Imperiled Innocents : Anthony Comstock and Family Reproduction in Victorian America.

Moral reform movements claiming to protect children began to emerge in the United States over a century ago, most notably when Anthony Comstock and his supporters crusaded to restrict the circulation of contraception, information on the sexual rights of women, and "obscene" art and literat...

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Bibliographic Details
Author / Creator: Beisel, Nicola Kay.
Other Authors / Creators:Beisel, Nicola Kay Kay.
Format: eBook Electronic
Imprint: Princeton : Princeton University Press, 1997.
Series:Princeton Studies in American Politics: Historical, International, and Comparative Perspectives Ser.
Local Note:Electronic reproduction. Ann Arbor, Michigan : ProQuest Ebook Central, 2022. Available via World Wide Web. Access may be limited to ProQuest Ebook Central affiliated libraries.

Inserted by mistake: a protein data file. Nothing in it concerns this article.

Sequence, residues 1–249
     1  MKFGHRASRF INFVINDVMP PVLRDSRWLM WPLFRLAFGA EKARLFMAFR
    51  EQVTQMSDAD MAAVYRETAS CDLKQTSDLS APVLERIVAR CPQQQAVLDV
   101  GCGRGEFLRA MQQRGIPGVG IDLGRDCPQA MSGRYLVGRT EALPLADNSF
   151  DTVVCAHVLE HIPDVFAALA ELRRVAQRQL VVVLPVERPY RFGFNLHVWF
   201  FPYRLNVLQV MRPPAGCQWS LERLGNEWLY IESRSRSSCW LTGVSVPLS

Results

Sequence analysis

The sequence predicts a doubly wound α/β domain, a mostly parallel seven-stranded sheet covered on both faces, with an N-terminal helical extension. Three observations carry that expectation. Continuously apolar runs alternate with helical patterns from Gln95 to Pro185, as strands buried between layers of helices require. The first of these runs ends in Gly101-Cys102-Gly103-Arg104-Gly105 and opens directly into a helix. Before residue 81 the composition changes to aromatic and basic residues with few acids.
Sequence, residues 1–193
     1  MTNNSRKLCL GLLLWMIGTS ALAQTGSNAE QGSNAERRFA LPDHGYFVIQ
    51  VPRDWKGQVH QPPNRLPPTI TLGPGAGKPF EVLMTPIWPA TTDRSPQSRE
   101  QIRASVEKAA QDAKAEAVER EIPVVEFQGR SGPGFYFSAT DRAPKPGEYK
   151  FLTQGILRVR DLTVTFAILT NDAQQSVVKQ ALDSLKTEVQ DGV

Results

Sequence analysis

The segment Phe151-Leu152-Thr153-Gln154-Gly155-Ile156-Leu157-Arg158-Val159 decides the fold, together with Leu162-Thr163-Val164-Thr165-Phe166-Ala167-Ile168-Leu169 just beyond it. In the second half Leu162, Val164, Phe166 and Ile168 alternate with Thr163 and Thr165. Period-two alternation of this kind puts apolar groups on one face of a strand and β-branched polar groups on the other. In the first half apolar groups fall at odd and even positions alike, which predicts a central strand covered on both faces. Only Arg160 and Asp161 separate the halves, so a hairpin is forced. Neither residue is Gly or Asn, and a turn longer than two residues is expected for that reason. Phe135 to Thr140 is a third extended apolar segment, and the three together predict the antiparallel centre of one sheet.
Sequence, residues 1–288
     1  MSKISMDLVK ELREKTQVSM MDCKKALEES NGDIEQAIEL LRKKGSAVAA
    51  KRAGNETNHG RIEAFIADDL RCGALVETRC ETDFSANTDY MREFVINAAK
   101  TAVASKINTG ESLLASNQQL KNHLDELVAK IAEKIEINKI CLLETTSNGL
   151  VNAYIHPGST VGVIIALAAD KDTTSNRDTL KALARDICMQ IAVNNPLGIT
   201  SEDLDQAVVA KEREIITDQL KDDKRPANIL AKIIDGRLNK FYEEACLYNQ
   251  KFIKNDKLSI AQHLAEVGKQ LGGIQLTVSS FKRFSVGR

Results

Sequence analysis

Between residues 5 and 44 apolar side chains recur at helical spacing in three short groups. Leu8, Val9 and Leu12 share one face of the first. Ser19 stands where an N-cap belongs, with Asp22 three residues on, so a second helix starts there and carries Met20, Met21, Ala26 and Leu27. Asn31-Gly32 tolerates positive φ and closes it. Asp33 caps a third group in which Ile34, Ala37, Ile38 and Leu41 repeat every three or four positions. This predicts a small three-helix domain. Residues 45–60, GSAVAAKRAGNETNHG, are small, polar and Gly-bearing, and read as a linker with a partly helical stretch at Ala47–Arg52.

Online Access:Click to View
Table of Contents:
  • Acknowledgments
  • 1. Introduction: Family Reproduction, Children's Morals, and Censorship
  • 2. The City, Sexuality, and the Suppression of Abortion and Contraception
  • 3. Moral Reform and the Protection of Youth
  • 4. Anthony Comstock versus Free Love: Religion, Marriage, and the Victorian Family
  • 5. Immigrants, City Politics, and Censorship in New York and Boston
  • 6. Censorious Quakers and the Failure of the Anti-Vice Movement in Philadelphia
  • 7. Morals versus Art
  • 8. Conclusion: Focus on the Family
  • Notes
  • Bibliography
  • Index